As the date of the procedure approaches, be sure to tell your physician if you have any symptoms of a cold or flu, such as runny nose, fever and chills, or have an infection. Your procedure may need to be rescheduled until you are well enough to proceed.
Have nothing to eat or drink for 12 hours prior to the procedure. Your physician will tell you whether you should stop taking any other medications or if you can continue to take the medications as prescribed. Shower the evening before and the morning of the procedure, using an antibacterial soap. Arrange for someone to drive you to and from Hurley Medical Center. Prepare to remain at the hospital for 24 to 48 hours; if the underlying problem requires additional treatment, you may be required to remain in the hospital for several more days. Arrive at Hurley two hours prior to your procedure.
During the procedure:
You may be given mild sedation to help you relax, but in most cases patients remain awake during thrombolytic therapy. Once the area of your body where the procedure will be performed is cleaned and, if necessary, shaved, a large sterile drape is placed over you with a small area cut out where the injection or catheter insertion will occur. Yourphysician will numb your skin with a local anesthetic and then make a small puncture over an artery or vein in your groin, your wrist, or your elbow.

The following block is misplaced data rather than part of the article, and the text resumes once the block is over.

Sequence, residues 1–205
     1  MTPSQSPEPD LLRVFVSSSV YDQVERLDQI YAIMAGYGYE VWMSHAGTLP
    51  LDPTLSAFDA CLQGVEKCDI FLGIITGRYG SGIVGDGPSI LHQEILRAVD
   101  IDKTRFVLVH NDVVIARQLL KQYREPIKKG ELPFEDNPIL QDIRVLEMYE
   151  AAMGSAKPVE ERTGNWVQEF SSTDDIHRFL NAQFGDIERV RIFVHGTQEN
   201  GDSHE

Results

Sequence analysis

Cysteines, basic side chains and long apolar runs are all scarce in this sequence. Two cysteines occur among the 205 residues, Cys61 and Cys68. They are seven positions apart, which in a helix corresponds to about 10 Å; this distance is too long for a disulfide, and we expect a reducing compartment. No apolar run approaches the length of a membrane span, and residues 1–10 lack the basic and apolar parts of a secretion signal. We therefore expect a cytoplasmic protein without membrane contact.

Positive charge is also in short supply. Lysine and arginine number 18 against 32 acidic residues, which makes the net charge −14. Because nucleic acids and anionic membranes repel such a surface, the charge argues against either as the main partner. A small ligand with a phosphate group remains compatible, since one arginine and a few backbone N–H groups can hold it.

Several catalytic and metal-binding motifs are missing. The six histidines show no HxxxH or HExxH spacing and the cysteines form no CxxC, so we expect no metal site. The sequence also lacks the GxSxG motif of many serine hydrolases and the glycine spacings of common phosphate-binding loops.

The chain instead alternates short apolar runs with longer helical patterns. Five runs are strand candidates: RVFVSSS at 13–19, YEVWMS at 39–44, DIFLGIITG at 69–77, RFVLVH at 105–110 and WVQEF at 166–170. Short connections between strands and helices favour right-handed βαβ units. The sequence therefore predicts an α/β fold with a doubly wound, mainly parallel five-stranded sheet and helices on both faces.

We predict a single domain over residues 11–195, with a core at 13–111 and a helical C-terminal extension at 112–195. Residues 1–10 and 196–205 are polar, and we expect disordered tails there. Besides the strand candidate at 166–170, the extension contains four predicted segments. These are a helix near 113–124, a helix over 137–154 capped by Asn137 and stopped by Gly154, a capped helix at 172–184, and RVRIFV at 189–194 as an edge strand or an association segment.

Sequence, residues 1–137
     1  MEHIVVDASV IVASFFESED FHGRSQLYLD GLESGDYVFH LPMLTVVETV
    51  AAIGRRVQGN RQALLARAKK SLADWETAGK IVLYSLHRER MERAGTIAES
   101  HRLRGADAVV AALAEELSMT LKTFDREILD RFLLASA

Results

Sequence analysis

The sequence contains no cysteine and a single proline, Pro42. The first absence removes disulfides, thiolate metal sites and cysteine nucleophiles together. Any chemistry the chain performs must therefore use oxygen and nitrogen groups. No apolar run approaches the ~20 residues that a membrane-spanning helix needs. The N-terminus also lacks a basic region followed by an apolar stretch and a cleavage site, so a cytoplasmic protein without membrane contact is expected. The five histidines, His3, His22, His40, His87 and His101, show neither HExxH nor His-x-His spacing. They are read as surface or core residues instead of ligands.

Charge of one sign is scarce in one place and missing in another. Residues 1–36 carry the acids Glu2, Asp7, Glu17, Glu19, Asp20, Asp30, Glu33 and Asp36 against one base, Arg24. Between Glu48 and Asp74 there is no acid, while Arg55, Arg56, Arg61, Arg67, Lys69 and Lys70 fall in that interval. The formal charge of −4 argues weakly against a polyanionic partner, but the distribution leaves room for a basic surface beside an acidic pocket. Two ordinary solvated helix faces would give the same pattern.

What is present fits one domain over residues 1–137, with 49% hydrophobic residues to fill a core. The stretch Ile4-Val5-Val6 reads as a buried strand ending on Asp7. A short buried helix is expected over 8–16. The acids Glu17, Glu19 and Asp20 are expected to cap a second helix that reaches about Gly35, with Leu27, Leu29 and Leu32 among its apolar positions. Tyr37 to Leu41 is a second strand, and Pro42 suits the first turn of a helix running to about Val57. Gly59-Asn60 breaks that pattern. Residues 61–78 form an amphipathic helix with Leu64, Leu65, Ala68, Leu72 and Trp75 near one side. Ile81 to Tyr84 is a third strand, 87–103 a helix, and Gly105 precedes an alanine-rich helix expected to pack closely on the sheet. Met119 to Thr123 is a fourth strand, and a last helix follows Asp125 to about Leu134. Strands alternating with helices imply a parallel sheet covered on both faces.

Your physician will usually then inject a dye through the catheter, which, together with x-rays, will create a map of your blood vessels (an angiogram) and pinpoint the location of the clot. Depending on the location and characteristics of the clot, your physician may inject the thrombolytic drugs through an IV line. More often, your physician will guide a longer catheter through your blood vessels to the area of the clot and then inject the drugs near or into it. You will not feel the catheters because your veins do not have nerve endings.
The clot-dissolving process can last for several hours; in the case of severe blockages, it may take several days and a series of treatments to break up the clot. Once the procedure is complete, your physician will monitor your blood’s ability to clot. When the blood can coagulate in a satisfactory manner, the IV or catheter will be removed and you will be asked to lie still for several hours until the risk of bleeding from the site of the IV or catheter insertion has diminished.